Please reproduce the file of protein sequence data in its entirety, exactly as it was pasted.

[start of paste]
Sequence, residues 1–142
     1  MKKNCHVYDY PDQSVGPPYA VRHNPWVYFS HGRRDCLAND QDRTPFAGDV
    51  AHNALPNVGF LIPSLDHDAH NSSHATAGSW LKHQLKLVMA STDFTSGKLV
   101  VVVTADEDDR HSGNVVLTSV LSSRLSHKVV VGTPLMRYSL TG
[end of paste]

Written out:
Sequence, residues 1–142
     1  MKKNCHVYDY PDQSVGPPYA VRHNPWVYFS HGRRDCLAND QDRTPFAGDV
    51  AHNALPNVGF LIPSLDHDAH NSSHATAGSW LKHQLKLVMA STDFTSGKLV
   101  VVVTADEDDR HSGNVVLTSV LSSRLSHKVV VGTPLMRYSL TG